Your Rx for first draft-itis

Ever suffer from a bad bout of “first draft-Itis”?

We all have. First draft-itis refers to the various flaws that everyone – including the author – during a first read of a manuscript all quickly agree should be corrected. In short, they’re common flaws that appear in first drafts.

What are some common problems in first drafts? In my editing of novels, short stories and nonfiction books, I generally see:
• Spelling errors (usually just typos)
• Punctuation errors (especially with commas and quotation marks – you know, those pesky little rules we didn’t bother to learn in sixth grade)
• Capitalization errors (particularly with pronouns used during dialogue)
• Misplaced modifiers (such as “We ate the hamburgers we just bought quickly” really should be “We quickly ate the hamburgers we just bought.”)
• Using vague words (like “thing”) and weak verbs (like “walk” instead “saunter”)
• Shifts in verb tense (often moving between past and present tense)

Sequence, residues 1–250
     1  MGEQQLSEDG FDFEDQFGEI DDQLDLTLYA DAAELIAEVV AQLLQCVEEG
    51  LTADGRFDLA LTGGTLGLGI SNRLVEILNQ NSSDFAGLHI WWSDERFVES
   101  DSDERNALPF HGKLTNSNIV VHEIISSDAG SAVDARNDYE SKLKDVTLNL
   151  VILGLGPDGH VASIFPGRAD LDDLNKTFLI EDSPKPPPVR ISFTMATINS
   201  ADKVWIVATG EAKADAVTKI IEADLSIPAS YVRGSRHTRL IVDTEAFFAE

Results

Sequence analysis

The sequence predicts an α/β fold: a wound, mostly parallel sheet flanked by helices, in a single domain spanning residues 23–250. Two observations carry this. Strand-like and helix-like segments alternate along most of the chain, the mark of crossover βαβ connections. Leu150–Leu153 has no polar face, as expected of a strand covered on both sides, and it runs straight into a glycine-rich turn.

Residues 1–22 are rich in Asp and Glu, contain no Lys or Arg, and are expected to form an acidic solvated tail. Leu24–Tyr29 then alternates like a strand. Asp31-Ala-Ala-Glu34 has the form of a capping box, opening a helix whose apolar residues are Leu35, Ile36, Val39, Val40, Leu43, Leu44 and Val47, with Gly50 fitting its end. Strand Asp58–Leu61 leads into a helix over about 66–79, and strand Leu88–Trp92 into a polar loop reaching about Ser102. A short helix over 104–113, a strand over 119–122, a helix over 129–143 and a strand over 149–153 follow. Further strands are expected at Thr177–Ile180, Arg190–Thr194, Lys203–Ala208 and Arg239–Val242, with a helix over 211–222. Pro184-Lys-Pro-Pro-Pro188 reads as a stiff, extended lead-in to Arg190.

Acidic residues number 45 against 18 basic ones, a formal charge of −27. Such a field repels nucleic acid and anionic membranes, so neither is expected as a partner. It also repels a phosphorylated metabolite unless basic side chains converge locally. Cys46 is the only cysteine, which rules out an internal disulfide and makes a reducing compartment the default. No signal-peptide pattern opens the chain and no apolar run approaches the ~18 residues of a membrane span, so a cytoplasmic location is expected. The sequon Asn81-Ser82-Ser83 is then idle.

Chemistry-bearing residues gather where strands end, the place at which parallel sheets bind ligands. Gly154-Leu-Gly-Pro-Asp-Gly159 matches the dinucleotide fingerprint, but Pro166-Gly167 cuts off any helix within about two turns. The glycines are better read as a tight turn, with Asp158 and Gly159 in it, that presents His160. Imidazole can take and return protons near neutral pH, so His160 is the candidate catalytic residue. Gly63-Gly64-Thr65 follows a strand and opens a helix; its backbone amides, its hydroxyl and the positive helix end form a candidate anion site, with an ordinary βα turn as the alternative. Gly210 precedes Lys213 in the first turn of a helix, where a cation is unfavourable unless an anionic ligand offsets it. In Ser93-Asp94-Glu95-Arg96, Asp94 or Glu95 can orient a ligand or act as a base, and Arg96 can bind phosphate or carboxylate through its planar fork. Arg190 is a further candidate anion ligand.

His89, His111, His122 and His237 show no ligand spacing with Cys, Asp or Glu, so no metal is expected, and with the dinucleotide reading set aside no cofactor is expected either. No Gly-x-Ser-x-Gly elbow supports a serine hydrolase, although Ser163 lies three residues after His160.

Many other problems can’t be quickly agreed upon and so aren’t first draft-itis: Plot turns that don’t seem to make sense, characters acting in a way contrary to how they were previously presented, and point of view shifts. These issues all are a matter of craft and style. In addition, what might be perfectly acceptable in one genre, such as a romance, won’t fly in another genre, such as literary.

First draft-itis certainly is not a problem – so long as you take care of it. The best medicine is to proofread and edit and revise, over and over, until you get it right. You don’t want to send a manuscript to a literary agent or a self-publish your book on when it’s full of errors.

In short, your first draft shouldn’t be your final draft. If it is, first draft-itis can be fatal.

Need an editor? Having your book, business document or academic paper proofread or edited before submitting it can prove invaluable. In an economic climate where you face heavy competition, your writing needs a second eye to give you the edge. Whether you come from a big city like Philadelphia, Pennsylvania, or a small town like Boring, Oregon, I can provide that second eye.